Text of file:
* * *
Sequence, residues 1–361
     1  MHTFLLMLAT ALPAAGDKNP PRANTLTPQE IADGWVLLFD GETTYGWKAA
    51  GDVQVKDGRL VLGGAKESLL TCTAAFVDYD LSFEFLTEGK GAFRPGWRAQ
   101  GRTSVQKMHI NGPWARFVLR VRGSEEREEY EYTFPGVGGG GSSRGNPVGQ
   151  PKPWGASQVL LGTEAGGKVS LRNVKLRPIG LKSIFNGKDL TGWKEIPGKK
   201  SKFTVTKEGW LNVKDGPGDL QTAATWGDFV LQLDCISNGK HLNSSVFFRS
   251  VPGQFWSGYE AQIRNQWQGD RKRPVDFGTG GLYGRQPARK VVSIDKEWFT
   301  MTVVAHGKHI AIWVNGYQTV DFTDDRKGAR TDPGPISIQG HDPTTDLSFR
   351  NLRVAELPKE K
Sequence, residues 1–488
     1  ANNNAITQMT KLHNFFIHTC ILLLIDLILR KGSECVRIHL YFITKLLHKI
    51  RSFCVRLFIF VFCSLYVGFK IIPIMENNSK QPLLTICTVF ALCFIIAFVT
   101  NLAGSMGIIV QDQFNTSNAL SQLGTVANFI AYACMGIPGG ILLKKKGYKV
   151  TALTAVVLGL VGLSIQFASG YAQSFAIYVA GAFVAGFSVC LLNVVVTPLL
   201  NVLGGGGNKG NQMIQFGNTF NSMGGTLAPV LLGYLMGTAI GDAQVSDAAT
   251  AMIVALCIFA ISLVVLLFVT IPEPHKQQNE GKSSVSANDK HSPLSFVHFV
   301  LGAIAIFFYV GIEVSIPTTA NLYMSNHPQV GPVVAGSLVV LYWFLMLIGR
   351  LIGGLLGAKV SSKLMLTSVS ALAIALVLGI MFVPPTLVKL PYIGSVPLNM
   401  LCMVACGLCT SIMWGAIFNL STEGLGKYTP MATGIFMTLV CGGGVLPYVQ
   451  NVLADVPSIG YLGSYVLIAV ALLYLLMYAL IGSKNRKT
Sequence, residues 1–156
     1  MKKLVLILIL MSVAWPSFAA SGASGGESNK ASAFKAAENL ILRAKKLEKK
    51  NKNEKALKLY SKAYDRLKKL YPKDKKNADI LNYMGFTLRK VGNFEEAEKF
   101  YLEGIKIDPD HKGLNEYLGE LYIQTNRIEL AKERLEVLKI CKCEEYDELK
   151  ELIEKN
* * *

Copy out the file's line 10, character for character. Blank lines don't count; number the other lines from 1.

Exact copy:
Sequence, residues 1–488